C# tip, Computer Vision, OCR, Optical Character Recognition

Optical Character Recognition in C# – Part #3, using Microsoft Cognitive Services (formerly Project Oxford)

This is the third part of my series on Optical Character Recognition (OCR), and what options are available for .NET applications – particularly low cost options. The first part was about using the open source package Tesseract, and the second part was about using the Windows.Media.Ocr libraries available to applications on the Universal Windows Platform (UWP). This part is about using Microsoft’s Project Oxford – this has a component which could be described as ‘OCR as a Service’.

Since I started this series, Build 2016 has happened and a few things have changed. Project Oxford has been rebranded as part of a wide suite of API services, known as Microsoft Cognitive Services. These APIs offer functions including:

  • Computer Vision
  • Speech;
  • Language;
  • Knowledge;
  • Search (better known as Bing services);

Microsoft have open sourced their client SDKs on Github here – this still carries some of the Project Oxford branding.

Getting started with OCR and Cognitive Services

In order to use OCR as a Service, you’ll need to get a subscription key from Microsoft. It’s pretty easy to get this, and you can sign up at this address, previewed below.

subscribe in seconds

I chose to sign up for the computer vision services (and also for Speech and Speaker Recognition previews). This allows me up to 5,000 transactions per month free of charge.

I’m able to view my subscriptions here, which shows me a screen like the one below.

subscription_dashboard

Let’s look at some code next.

Accessing OCR services using C#

In the previous two posts, I’ve been using a screenshot of one of my other blog posts – I want to keep using the same screenshot (shown below) in each of the three methods to be consistent.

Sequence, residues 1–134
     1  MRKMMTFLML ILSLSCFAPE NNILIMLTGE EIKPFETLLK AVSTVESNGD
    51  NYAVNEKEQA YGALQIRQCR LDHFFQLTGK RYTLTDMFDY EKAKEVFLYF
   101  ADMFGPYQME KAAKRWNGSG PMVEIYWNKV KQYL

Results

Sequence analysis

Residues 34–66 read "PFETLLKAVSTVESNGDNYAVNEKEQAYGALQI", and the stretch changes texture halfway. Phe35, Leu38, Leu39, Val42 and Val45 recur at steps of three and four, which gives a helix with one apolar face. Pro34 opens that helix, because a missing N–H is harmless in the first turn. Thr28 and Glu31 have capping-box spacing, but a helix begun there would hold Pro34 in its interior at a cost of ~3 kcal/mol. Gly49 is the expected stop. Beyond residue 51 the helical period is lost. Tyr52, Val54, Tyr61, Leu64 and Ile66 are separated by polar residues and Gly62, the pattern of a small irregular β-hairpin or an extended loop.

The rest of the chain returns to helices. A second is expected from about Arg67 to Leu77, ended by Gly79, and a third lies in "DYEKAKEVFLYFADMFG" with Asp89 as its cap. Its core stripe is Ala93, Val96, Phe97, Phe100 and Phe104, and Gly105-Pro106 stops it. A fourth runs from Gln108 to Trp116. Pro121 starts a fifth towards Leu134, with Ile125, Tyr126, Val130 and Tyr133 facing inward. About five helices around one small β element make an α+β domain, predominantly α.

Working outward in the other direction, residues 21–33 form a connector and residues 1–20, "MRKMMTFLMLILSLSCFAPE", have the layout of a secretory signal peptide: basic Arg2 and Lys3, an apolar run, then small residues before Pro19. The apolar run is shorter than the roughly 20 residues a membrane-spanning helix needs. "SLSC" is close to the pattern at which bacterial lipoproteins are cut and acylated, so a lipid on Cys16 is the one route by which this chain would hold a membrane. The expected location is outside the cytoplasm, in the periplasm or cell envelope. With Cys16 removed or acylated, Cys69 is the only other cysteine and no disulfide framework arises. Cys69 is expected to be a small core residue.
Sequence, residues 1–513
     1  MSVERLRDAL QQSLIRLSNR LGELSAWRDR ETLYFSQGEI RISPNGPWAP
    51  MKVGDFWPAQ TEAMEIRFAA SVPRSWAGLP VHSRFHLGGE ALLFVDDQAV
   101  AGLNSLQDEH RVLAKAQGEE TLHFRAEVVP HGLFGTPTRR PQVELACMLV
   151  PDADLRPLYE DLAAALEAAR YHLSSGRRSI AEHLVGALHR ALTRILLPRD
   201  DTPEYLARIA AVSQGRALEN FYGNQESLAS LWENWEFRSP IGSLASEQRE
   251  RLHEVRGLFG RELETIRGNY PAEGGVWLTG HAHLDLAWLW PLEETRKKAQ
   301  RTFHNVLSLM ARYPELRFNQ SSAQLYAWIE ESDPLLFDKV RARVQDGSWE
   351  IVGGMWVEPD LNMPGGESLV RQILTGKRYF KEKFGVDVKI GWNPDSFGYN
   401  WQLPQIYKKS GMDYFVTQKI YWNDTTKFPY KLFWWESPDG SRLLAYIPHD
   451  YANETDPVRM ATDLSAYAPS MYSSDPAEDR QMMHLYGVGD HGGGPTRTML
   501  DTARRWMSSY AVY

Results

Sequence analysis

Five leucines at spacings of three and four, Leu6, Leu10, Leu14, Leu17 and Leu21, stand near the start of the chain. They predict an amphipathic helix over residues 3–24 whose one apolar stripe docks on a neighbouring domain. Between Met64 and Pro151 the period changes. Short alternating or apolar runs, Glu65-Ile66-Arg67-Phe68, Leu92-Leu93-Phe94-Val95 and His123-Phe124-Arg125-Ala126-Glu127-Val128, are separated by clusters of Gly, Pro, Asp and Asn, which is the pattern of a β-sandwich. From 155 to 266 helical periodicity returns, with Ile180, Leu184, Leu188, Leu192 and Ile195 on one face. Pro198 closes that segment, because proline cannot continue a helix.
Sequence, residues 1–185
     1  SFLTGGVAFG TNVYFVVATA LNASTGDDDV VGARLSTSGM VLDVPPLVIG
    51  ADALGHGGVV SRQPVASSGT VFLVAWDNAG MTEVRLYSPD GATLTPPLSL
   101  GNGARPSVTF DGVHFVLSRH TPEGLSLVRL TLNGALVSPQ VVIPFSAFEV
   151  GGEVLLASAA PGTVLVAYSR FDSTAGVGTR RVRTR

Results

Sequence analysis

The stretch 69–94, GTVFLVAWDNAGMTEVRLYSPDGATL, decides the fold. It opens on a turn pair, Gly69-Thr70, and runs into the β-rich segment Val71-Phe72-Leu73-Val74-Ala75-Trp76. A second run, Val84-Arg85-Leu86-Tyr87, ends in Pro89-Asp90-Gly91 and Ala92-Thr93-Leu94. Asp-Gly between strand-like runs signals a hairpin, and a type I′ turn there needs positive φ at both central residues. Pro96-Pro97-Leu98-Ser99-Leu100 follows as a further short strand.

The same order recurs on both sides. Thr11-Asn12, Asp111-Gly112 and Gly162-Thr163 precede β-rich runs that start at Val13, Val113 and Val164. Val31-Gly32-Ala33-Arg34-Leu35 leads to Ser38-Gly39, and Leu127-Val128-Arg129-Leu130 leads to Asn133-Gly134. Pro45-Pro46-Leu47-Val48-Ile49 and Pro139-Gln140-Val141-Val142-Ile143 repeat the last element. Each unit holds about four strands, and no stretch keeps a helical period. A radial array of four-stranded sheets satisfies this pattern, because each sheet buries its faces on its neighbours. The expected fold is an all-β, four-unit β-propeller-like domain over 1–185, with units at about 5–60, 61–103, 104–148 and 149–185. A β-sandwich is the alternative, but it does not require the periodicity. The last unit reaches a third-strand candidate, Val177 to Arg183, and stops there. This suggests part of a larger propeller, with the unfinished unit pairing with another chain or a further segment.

sample_for_reading

As a reminder, Tesseract performed reasonably well, but wasn’t able to interpret the light grey text at the top of the page. The Windows.Media.Ocr library performed very well – it detected the grey text (although didn’t translate it very well), but the rest of the text was detected and interpreted perfectly.

I created a new C# console project to test Project Oxford. The next step was to get the necessary client packages from Nuget.

Install-Package Microsoft.ProjectOxford.Vision

Next, I ran the code below – this is a very simple test application. I’ve created an ImageToTextInterpreter class which basically wraps the asynchronous call to Microsoft’s servers. The text results come back as an “OcrResults” object, and I’ve written a simple static function to output the textual contents of this object to the console.

Remember to enter your own Subscription Key and image file path if you try the code below.

namespace CognitiveServicesConsoleApplication
{
    using Microsoft.ProjectOxford.Vision;
    using Microsoft.ProjectOxford.Vision.Contract;
    using System;
    using System.IO;
    using System.Linq;
    using System.Threading.Tasks;
    
    class Program
    {
        static void Main(string[] args)
        {